Friday, May 18, 2007

Why have investment banks been so profitable? From the Economist

The Economist gives us another great article! This one is on investment banking. Not only does it provide a short history (going back pre-JP Morgan), but also brings us up to date with a look at the current (very profitable) state of investment banking.

The alchemists of finance |
A relatively long look-in:
"Brokerage used to be described as a haulage business, lugging money, as a member of the Rothschild dynasty once put it, “from point A, where it is, to point B, where it is needed”.... But any haulage firm would be flabbergasted by the trading profits and returns on equity seen in investment banking in recent years....earnings from capital-market-related activities at the top ten global investment banks have risen by almost two-thirds in two years....That sort of profit increase is comparable with Apple's rewards for inventing the iPod.... Yet in investment banking there is nothing nearly so tangible to which to ascribe the gains.

Bankers themselves are fuzzy about explaining their trading profits....But it is clear that three powerful forces are at work, all of them overlapping and mutually reinforcing....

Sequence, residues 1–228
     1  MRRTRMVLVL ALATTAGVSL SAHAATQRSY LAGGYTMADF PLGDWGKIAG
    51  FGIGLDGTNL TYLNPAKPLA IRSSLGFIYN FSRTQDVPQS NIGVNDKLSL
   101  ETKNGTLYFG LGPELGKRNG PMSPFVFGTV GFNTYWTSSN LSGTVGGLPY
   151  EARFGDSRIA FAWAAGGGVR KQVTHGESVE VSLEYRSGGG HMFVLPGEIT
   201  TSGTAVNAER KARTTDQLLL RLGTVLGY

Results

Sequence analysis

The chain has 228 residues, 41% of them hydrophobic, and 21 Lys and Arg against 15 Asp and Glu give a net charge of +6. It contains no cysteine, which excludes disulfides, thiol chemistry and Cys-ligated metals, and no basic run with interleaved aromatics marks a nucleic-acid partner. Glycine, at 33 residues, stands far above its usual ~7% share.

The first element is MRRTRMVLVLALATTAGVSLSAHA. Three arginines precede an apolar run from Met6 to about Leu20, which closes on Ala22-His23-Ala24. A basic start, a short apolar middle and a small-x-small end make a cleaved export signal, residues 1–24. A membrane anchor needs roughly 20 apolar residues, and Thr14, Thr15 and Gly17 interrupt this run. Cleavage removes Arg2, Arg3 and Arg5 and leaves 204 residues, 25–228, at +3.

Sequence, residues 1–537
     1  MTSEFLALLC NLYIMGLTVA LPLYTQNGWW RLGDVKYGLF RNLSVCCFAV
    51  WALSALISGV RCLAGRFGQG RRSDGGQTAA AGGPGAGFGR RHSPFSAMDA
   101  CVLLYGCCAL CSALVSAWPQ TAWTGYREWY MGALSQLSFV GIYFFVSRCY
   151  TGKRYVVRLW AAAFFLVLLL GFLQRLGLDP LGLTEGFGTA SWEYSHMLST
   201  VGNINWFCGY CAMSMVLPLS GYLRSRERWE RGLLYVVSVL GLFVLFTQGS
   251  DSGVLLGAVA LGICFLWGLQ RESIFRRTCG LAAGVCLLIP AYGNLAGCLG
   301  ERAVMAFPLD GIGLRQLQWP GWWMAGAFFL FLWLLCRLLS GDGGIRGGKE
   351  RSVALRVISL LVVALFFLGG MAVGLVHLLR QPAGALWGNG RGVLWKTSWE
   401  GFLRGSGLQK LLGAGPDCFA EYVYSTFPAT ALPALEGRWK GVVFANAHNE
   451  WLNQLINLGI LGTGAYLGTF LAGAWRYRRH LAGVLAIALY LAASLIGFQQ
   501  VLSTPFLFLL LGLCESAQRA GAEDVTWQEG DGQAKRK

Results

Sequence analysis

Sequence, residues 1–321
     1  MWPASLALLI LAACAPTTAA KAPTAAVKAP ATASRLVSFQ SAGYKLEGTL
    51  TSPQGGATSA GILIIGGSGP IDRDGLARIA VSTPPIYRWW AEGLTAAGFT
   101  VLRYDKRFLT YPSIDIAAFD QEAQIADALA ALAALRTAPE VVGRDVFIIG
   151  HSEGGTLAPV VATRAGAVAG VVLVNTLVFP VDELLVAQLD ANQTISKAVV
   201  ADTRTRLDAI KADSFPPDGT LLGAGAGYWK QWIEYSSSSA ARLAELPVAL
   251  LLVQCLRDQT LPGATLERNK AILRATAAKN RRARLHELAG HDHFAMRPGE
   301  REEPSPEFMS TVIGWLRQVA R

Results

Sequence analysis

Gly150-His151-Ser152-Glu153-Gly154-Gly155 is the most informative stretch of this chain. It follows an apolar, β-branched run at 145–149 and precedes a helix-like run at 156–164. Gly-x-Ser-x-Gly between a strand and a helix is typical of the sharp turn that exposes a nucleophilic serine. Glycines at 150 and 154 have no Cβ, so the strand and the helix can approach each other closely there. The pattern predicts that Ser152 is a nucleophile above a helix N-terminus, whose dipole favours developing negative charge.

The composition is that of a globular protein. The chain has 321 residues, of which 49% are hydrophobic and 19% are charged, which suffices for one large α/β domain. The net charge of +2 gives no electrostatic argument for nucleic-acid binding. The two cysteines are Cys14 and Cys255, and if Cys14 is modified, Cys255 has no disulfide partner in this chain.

The first is the alchemist's trick of turning debt (mostly leaden) into derivatives (mostly liquid); the second is the emergence of a new class of leveraged client (hedge funds and private equity); and the third is seeking out new capital markets, and clients, around the world. Moreover, in all these pursuits the firms are now using not just their clients' money but, to differing degrees, their own too."
Which predictably lead to a discussion of whether this leads to increased risks (probably), whether investment banks have taken enough precautions (maybe), and a warning that these profits have arisen in "an unusually benign economic climate" that will eventually come to an end.

Good stuff! Check it out!

Thanks to FT Alphaville for pointing this one out!

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